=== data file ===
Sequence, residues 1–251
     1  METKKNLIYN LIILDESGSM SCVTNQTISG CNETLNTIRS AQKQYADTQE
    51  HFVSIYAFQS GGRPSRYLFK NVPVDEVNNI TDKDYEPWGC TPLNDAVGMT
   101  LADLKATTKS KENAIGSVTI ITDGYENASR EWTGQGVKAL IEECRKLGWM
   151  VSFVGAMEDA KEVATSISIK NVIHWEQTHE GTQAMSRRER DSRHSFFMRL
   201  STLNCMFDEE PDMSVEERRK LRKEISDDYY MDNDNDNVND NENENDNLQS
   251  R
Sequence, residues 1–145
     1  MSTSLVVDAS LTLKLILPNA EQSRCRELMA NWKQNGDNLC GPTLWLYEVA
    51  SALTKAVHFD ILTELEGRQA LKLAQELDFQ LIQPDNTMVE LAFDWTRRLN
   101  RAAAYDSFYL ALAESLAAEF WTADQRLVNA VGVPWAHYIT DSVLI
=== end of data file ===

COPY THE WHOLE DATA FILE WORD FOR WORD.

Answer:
Sequence, residues 1–251
     1  METKKNLIYN LIILDESGSM SCVTNQTISG CNETLNTIRS AQKQYADTQE
    51  HFVSIYAFQS GGRPSRYLFK NVPVDEVNNI TDKDYEPWGC TPLNDAVGMT
   101  LADLKATTKS KENAIGSVTI ITDGYENASR EWTGQGVKAL IEECRKLGWM
   151  VSFVGAMEDA KEVATSISIK NVIHWEQTHE GTQAMSRRER DSRHSFFMRL
   201  STLNCMFDEE PDMSVEERRK LRKEISDDYY MDNDNDNVND NENENDNLQS
   251  R
Sequence, residues 1–145
     1  MSTSLVVDAS LTLKLILPNA EQSRCRELMA NWKQNGDNLC GPTLWLYEVA
    51  SALTKAVHFD ILTELEGRQA LKLAQELDFQ LIQPDNTMVE LAFDWTRRLN
   101  RAAAYDSFYL ALAESLAAEF WTADQRLVNA VGVPWAHYIT DSVLI